Pass data in messages used for TWR

In the DWM3000 API, there are some examples, among which there is a TWR-example that has an initiator and a responder. The intiator sends a poll message, the responder responds with a response-message and the initiator sends back a Final message, enabling the responder to calculate the TOF from time-stamps (among other included in the final message). However, I need to get this distance measurement to the initiator, and for efficiency reasons, I would like to include it in the RESP-message. But how should I do this? If I simply increase the message-size in the code, it seems to mess with the time-stamps, and I get negative values for the distance measurement. So hence the question:

How to efficiently (optimize w.r.t. time) execute TWR, and at the same time do some data-transfer?


Is all the information known at that time? To calculate a TWR distance you need to know the responders Rx time for the final message. Without this it’s purely single sided ranging and so the errors will be large unless you have some other way to correct for clock errors.

Two possible solutions are that after receiving the final message the responder sends one more message containing all of the required time measurements to the initiator. The times for this message are unimportant, it’s purely a data message.

The other option is to increase the size of the RESP message to include the extra data. The amount of data needed is small in comparison to things like headers and preamble so it’s not a significant performance hit. But since you don’t know all the information at that time you have to run one range behind. e.g. the second range measurement attempts RESP packet includes the measurement time information for for the first ranges measurement. Less packets but more latency.

To give you a ballpark for what is possible, at 6.8Mb/s data rate I was able to perform a 4 packet TWR (3 timed packets plus one data) in just under 1 ms. At 850kb/s that increased to 1.25 ms.
Going to a group based system where one initiator message triggers multiple anchors to respond at fixed intervals increased to 2400 measurements per second split evenly across 8 anchors.

Hi AndyA,

Thank you for your answer. Indeed, we would have a one sample-time delay if we would send distance with the RESP-message. It’s just that I haven’t managed to increase the size of the RESP-message without messing up the distance-measurement. (I can either use the example and get ok distance measurement, or I increase the size of the RESP message and send some data successfully, but then my distance measurement is incorrect…). I seem to be doing something wrong in increasing the size of the RESP message. How is this done properly?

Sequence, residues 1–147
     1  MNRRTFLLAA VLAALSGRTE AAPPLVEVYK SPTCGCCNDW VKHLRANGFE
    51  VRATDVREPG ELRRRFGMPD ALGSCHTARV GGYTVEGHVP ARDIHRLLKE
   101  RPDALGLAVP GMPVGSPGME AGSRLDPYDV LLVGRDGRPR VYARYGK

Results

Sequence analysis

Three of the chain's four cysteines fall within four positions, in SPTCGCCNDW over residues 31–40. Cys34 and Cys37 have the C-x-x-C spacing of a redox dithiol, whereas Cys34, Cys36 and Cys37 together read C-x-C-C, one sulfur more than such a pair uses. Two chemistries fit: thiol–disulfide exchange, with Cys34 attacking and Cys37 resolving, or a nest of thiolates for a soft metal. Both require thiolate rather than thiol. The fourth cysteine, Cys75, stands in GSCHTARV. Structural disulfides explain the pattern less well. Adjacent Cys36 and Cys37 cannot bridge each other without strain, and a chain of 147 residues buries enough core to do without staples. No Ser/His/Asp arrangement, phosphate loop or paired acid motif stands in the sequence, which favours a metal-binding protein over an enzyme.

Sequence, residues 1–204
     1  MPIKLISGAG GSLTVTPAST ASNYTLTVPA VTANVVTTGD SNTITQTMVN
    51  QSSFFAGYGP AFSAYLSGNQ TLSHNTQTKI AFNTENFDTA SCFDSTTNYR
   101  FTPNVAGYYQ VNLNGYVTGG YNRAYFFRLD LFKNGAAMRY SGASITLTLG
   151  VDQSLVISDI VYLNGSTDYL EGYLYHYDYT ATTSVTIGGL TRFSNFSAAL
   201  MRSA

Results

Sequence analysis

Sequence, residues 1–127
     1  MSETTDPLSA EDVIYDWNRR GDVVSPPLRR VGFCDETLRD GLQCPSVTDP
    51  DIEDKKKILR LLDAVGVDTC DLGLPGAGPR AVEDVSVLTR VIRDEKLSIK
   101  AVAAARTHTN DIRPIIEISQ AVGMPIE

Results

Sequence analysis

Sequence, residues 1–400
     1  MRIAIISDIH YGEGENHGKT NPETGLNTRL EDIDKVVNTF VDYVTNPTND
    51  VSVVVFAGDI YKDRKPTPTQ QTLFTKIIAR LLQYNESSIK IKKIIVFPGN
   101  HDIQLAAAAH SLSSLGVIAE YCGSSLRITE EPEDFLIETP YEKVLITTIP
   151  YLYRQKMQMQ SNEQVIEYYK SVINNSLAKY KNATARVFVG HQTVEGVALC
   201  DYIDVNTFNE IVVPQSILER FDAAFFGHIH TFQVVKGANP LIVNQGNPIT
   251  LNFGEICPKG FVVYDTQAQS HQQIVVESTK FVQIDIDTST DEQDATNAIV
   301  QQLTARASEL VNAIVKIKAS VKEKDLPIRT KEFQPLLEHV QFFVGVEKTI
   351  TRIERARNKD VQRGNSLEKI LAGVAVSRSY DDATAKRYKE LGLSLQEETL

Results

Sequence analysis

But judging from the performance figures you give, the 4-packet TWR seems to do very well either way. So I’ll probably give that a try too.



I’ve not used the example code myself but taking a quick look at it I can’t see any obvious reasons why increasing the size would cause any issues as long as you increase the buffers and packet size values appropriately. You may also have to increase some timeouts slightly since longer messages take more time.

The advantage of the 4 packet method is that each range is stand alone which makes the code simpler, you don’t need to keep track of multiple measurements data at the same time. I like things that make life simpler :slight_smile:

My system that gave those numbers is highly optimised for speed and has the times & packet sizes as small as I could get, I doubt you’d be able to hit those rates with the standard examples. But it doesn’t sound like having to deviate from the example is an issue for you if you need to.

Thank you for the leads! I suspect it might indeed be an incorrect timeout. But in the end I’ll probably go for the 4-messages approach (simple life is a happy life :)).

regarding ss-twr: used it once for a project and by using the carrier integrator value to compensate clock drift the calculated range was similar to the quality of ds-twr (as long as the antenna delay is calibrated correctly).
I worked with the dwm1000, but I think it will be quite the same for the dwm3000.